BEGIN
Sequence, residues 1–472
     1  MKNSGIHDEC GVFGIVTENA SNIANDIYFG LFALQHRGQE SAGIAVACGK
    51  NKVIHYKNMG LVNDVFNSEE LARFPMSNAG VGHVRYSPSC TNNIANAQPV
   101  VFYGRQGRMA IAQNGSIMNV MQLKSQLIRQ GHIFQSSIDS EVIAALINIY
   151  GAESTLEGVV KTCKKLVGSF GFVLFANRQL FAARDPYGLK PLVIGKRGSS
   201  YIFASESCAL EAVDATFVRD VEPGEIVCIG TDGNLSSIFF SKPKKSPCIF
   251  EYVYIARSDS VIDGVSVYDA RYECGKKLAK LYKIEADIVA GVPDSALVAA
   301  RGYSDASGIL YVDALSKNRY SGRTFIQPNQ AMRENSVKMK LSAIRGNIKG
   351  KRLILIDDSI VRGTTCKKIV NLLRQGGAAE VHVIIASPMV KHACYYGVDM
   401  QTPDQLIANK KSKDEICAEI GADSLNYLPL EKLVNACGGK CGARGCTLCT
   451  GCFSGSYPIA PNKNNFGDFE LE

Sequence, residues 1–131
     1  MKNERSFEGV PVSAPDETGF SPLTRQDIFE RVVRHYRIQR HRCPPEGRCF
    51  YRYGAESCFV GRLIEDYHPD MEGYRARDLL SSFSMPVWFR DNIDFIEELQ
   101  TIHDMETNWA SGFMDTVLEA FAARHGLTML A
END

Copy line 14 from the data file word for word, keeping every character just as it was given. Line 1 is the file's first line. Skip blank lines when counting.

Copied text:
    51  YRYGAESCFV GRLIEDYHPD MEGYRARDLL SSFSMPVWFR DNIDFIEELQ